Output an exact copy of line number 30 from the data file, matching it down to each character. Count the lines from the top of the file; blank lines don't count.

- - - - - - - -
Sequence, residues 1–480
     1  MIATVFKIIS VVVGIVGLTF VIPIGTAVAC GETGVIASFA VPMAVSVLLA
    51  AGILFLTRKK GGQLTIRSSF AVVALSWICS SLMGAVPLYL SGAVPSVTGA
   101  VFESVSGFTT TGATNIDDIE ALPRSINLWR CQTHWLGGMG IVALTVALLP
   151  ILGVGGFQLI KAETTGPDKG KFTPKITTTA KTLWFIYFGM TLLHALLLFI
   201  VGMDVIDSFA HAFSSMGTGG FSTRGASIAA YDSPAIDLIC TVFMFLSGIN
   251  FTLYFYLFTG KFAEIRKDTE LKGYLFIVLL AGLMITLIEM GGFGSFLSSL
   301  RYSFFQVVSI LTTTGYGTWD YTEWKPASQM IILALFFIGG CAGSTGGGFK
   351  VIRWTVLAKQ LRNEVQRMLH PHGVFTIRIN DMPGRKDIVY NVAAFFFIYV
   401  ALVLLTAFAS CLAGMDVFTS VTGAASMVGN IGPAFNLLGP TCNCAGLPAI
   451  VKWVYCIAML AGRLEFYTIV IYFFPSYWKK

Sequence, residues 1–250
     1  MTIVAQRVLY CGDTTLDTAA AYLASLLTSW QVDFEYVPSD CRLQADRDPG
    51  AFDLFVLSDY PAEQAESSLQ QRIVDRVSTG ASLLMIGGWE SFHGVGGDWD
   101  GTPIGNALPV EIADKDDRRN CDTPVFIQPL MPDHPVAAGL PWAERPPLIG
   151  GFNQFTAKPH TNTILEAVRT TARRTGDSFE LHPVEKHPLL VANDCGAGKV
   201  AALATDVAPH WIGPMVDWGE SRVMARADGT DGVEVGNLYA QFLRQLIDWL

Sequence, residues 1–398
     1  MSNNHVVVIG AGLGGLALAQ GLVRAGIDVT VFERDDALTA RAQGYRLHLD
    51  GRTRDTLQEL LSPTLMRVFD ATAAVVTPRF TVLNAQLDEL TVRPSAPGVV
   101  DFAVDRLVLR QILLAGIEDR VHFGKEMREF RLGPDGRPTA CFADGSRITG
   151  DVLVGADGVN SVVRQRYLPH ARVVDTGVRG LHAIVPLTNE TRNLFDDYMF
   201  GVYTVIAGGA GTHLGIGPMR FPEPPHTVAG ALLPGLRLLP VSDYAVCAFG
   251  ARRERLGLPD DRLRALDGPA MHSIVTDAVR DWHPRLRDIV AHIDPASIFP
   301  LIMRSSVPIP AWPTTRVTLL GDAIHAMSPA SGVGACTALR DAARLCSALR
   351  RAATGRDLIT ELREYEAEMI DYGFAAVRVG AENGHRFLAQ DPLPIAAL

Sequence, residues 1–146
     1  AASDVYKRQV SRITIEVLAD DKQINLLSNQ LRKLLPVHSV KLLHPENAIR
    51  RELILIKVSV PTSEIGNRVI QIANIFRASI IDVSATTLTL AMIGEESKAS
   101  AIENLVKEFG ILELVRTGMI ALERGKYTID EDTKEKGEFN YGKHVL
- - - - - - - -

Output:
   101  AIENLVKEFG ILELVRTGMI ALERGKYTID EDTKEKGEFN YGKHVL